Whatever your views on Brexit, or your views on Soros, it's very unfortunate that @Telegraph editors evoked the "secret plot" trope to characterise the Jewish billionaire's (quite open) support for keeping Britain in the EU. https://t.co/irlUbvjrvO pic.twitter.com/Eoli2ZgN5V
— UK Media Watch (@UKMediaWatch) February 8, 2018
Though it’s troubling that the paper didn’t revise the headline, which falsely suggests that the Jewish billionaire’s activities are “secret”, and evokes tropes about ‘Jewish cabals’, we didn’t believe that editors (or the journalist who wrote the piece) intentionally evoked an antisemitic narrative. Further, the Telegraph, on the whole, is a responsible publication that’s usually on the right side of the debate about antisemitism, and is typically careful to avoid anti-Israel rhetoric which crosses the line to antisemitism. Perspective and nuance, when calling out media outlets on such matters, is important.
Equally important to those inclined to pounce on the Telegraph are the qualities of self-reflection, honesty and moral consistency – traits clearly absent when Guardian editors chose to publish an official editorial about the Soros row. The editorial (The Guardian view on George Soros: the best of the 1%, Feb. 12) didn’t condemn the Telegraph by name, but the ‘right wing’ paper was clearly their target when it complained that “Soros has…been the target of organised hate campaigns, often coloured with antisemitism”, and further called out, as “utterly unforgivable” such “antisemitic tropes in the attacks on his policies and his ideas.”
The hypocrisy of the Guardian calling out the Telegraph is staggering, as the use and legitimisation of antisemitic tropes by their editors and commentators has been continually documented on this site.
In Dec. 2017, a Guardian book critic evoked the “Jesus chasing money changers from the Temple” theme to affirm the claim by a pro-Palestinian writer that Israel’s occupation of the West Bank was a “commercial real estate project that conscripts Zionist rhetoric for profit”. As we noted, many scholars of antisemitism trace the age-old antisemitic charge of “Jewish greed” to the New Testament story of Jesus and the money changers cited by the Guardian journalist.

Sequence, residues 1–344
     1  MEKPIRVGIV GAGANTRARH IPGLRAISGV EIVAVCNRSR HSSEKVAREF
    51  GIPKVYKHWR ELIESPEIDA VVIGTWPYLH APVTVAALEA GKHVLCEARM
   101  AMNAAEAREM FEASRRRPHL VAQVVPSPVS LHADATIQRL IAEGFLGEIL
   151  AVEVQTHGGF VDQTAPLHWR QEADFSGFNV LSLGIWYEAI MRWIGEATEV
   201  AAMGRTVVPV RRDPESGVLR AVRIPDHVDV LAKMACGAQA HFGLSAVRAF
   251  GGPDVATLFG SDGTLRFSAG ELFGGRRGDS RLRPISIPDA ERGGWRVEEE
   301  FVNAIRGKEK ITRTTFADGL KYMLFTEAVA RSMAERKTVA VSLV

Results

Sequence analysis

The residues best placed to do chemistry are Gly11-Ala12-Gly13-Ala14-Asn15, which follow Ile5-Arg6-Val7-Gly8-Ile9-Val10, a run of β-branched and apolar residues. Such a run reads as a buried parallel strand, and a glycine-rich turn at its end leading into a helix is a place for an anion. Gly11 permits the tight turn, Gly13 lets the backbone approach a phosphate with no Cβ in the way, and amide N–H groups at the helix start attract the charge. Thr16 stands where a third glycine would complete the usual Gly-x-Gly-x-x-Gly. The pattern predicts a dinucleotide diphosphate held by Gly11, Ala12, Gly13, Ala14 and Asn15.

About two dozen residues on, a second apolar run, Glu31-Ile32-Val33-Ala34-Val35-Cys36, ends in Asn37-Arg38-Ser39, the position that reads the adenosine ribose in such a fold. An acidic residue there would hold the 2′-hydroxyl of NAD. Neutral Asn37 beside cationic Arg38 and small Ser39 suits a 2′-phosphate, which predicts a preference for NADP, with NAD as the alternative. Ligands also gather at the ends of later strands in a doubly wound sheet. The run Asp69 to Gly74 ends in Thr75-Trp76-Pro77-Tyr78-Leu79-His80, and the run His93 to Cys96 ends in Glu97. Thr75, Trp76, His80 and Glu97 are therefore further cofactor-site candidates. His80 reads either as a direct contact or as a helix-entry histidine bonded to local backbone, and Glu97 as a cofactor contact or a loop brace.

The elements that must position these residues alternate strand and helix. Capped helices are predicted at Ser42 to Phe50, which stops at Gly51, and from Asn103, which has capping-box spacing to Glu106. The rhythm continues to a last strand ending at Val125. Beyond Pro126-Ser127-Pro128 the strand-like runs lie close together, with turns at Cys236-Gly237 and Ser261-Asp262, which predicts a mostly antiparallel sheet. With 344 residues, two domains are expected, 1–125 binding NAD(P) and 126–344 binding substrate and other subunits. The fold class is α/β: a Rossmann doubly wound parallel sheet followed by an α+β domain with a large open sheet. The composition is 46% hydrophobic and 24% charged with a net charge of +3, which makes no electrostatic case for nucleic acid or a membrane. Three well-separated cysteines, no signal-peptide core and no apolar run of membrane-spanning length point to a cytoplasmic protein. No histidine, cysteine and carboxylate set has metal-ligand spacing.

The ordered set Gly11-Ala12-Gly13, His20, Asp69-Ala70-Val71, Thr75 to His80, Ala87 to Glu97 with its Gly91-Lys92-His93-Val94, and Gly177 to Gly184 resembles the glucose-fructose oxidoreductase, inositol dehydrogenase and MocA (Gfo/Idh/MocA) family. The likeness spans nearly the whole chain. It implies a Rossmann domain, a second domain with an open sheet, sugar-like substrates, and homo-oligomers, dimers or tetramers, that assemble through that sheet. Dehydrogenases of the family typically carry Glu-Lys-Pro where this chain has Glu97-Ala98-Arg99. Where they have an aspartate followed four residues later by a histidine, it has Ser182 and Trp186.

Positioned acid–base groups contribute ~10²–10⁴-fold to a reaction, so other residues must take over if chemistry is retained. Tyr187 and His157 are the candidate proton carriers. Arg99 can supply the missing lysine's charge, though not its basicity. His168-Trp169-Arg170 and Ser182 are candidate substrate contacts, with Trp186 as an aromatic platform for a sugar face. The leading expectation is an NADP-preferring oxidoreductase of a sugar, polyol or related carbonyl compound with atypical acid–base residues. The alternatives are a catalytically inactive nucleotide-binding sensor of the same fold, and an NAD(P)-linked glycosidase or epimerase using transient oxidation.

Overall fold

In May, an official editorial in the Observer (sister publication of The Guardian) on Donald Trump’s visit to the Middle East suggested that Israel’s prime minister was ‘pulling the strings’ of US foreign policy on Iran.
In an example quite similar to the Telegraph’s Soros headline, in 2016, during the Republican Primaries, the Guardian published a political analysis warning that another Jewish billionaire, Sheldon Adelson, represents “the invisible hand that guides Republican fortunes”.
Though the headline was later revised without comment, the words “invisible” and “invisible man” still appear in the text and photo caption to characterise Adelson – a narrative of wealthy Jews nefariously influencing political outcomes which mirror the Telegraph headline.
But, there are far worse examples over the years of the Guardian legitimising or promoting antisemitic ideas.
In 2014, they published a letter suggesting that Jews (Israeli Jews and Jews in the diaspora) themselves bear responsibility for the rise of European antisemitism.
That same year they published an op-ed justifying Palestinian antisemitism as a natural reaction to Israeli behavior.
In 2012, they published this cartoon by Steve Bell – who has a history of mocking charges of antisemitism and employing visual language reflecting historic calumnies about Jews – titled “Tony Blair and William Hague’s role in Israel-Gaza clash” which evokes the antisemitic canard of Jewish control and over non-Jewish politicians – in this case, the Israeli Jewish leader manipulating, like puppets, British leaders to support his policies.
That same year, the Guardian’s Ewen MacAskill’s wrote an analysis alleging that President Obama’s need for Jewish money explains a throw-away line in his State of the Union address affirming America’s “iron-clad commitment to Israel’s security”.